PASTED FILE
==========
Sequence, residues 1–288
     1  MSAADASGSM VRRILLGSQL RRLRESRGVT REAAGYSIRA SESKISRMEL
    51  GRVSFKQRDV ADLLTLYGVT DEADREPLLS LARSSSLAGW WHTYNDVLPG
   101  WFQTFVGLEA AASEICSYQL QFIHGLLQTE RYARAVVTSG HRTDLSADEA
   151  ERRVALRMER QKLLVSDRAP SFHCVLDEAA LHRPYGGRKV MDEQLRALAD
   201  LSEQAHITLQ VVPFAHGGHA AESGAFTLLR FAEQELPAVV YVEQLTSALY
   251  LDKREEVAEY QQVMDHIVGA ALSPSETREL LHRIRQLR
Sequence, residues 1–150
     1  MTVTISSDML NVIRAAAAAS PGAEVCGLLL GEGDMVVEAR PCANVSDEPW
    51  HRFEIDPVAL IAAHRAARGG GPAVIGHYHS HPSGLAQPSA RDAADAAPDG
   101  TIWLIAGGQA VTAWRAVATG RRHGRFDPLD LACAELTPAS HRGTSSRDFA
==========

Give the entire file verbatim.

Sequence, residues 1–288
     1  MSAADASGSM VRRILLGSQL RRLRESRGVT REAAGYSIRA SESKISRMEL
    51  GRVSFKQRDV ADLLTLYGVT DEADREPLLS LARSSSLAGW WHTYNDVLPG
   101  WFQTFVGLEA AASEICSYQL QFIHGLLQTE RYARAVVTSG HRTDLSADEA
   151  ERRVALRMER QKLLVSDRAP SFHCVLDEAA LHRPYGGRKV MDEQLRALAD
   201  LSEQAHITLQ VVPFAHGGHA AESGAFTLLR FAEQELPAVV YVEQLTSALY
   251  LDKREEVAEY QQVMDHIVGA ALSPSETREL LHRIRQLR
Sequence, residues 1–150
     1  MTVTISSDML NVIRAAAAAS PGAEVCGLLL GEGDMVVEAR PCANVSDEPW
    51  HRFEIDPVAL IAAHRAARGG GPAVIGHYHS HPSGLAQPSA RDAADAAPDG
   101  TIWLIAGGQA VTAWRAVATG RRHGRFDPLD LACAELTPAS HRGTSSRDFA